You WILL get spanked for that name when the Sherrifs come around!
To call a normal public method defined in another class you need to have an object instance of that class.
I omitted the full package path to the class because I prefer to import the class. Lemme know if you haven't gotten around to "import" yet. What I did there was declare a variable of type Vauxhall and create an object instance of Vauxhall. Then I call a method on the new object. The method probably looks like:
You can in fact call methods on the class as well as on an object instance of the class. These are special methods, often called "class methods" just because we want to call them on the class. They are identified by the keyword "static", eg "public static int getMake()" Because they belong to the class and not a particular object, they work with information that's common to all Vauxhalls in the world, and not information that's relative to your Vauxhall or mine. A method like getColor() would not be a good static class method ... unless all Vauxhalls were the same color.
Does that help?
A good question is never answered. It is not a bolt to be tightened into place but a seed to be planted and to bear more seed toward the hope of greening the landscape of the idea. John Ciardi
posted 14 years ago
Thanks for the reply but i've got a few more questions im afraid.
I understand the import concept i've been using it in my code to create objects from classes defined in other files. However..
What i'm trying to do here is kinda complex to explain and I doubt it's even possible, most likely i've become confused somewhere, anyways ill try explain.
I have a class called World (its not really called this) and World creates an instance of Bank and this Bank has an ArrayList which holds instances of another class called Account. Now I want to use a method (createAccount) within the Bank class, but I want to call this method from a class called FileExtractor.
If I was in World I would simpy do this..
However i'm not, i'm reading a file and creating new Accounts based upon the information contained in the file. So I need to use the above function but I need to call it from FileExtractor.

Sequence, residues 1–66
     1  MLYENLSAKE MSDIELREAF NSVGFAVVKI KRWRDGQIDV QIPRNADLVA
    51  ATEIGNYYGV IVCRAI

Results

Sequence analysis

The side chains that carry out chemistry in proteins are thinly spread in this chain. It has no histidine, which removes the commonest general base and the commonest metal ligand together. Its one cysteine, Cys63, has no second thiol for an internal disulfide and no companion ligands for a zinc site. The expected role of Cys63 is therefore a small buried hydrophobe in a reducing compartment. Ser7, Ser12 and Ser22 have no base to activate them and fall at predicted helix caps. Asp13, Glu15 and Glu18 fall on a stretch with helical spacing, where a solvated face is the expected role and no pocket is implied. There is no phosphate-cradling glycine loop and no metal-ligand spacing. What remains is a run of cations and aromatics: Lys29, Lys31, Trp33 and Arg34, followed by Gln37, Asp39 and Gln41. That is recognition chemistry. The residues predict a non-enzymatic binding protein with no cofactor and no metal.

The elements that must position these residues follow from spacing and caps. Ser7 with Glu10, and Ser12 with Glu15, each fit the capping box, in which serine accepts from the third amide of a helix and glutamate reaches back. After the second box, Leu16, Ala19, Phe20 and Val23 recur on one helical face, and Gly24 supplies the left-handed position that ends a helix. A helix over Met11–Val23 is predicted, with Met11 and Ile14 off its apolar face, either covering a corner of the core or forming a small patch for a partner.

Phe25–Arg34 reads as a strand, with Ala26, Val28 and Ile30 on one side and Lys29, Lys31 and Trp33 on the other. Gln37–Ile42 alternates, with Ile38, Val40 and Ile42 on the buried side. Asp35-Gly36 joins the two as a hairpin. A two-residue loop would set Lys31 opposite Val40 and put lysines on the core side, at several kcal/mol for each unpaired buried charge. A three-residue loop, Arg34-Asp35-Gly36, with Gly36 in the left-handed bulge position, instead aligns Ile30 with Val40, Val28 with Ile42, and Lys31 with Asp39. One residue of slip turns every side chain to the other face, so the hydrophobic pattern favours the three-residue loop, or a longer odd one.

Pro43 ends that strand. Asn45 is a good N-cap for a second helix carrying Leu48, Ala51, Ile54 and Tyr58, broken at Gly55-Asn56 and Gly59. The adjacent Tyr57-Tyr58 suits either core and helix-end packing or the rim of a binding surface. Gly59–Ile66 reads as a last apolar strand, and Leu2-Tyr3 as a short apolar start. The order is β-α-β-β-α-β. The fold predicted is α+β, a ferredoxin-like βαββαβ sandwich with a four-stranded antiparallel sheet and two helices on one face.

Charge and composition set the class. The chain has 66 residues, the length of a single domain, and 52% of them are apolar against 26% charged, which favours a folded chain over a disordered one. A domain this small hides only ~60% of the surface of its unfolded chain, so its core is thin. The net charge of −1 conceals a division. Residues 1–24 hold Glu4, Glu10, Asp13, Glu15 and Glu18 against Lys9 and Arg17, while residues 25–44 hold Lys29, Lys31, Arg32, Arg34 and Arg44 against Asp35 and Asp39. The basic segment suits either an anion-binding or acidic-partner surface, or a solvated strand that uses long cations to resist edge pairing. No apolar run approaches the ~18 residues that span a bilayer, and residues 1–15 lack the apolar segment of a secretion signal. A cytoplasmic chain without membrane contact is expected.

Is this all possible? Or have I written some awful code? Thanks
Originally posted by N/A N/A: Is this all possible? Or have I written some awful code?
Looks like your heading down that way...
Try to keep your classes singularly focused on one purpose. FileExtractor should be focused on extracting things from a file. It shouldn't know anything about an Account. The Bank should probably know about Accounts. It would be more appropriate for the Bank to ask the FileExtractor for information. The Bank would then take the information provided by FileExtractor and create new Accounts.
Now for the spanking that Stan was talking about (taking out paddle) (*smack*): "N/A N/A" does not comply with the JavaRanch Naming Policy. Please edit your profile and change your publicly displayed name to something that does. Thanks! (putting paddle away).
Edit: (taking paddle out again)
"Gonzo" doesn't cut it either, pardner. Please read the policy again.
Thanks for the quick reply. I think the problem is im using JUnit and adopting a TDD approach, this means im creating my "larger" objects in the tests class when I shouldn't.
I'll try moving them and then get back to ya. Thank you
posted 14 years ago
I think i've got my code working thanks to your suggestions I appreciate that.
I have another one though. Basically I'm reading a file and trying to instantiate objects depending on the values of each line in the file.
Note: A line of the file looks like this - AccountNo Balance ClientName
My FileHandler class reads the lines but I need to return the data found on each line to the Bank class which will create the Accounts. So as I see it I have two options.. either call the method which reads a line repeatedly from the Bank class until I have read the whole file.
Read the file and create a hashtable (I think this would be the right collection) which would store the values read from the file.. e.g. account number and balance, then pass this hashtable to the Accounts class which would then create the accounts by reading the Hashtable.
Which of the two would be the most efficent solution? Or is there a better way of doing this? I'm not sure if my understanding of a hashtable is correct? Is it like a spreadsheet/database etc.. where it consists of a number of columns each of which are related (when on the same row)?
David, is this work-related code or school-related? I'm asking because if it's work related, is there are reason for using a text file instead of a proper database? Can you use third-party code? If it's school-related, are you allowed to use third-party code or do you have to write everything yourself?
The third-party code I'm thinking about that would be useful in your case is the Jakarta Commons BeanUtils package. BeanUtils provides a way to populate a JavaBean from values taken from a Map where the map keys correspond to properties in your JavaBean. This is a flexible and reusable solution. On the other hand, if this is school-related, you might not need to be so flexible/reusable or if you did, you might have to code it yourself, in which case, the Map strategy is still a good way to go.
Practice only makes habit, only perfect practice makes perfect.—every music teacher ever
Practice mindfully by doing the right things and doing things right.— Junilu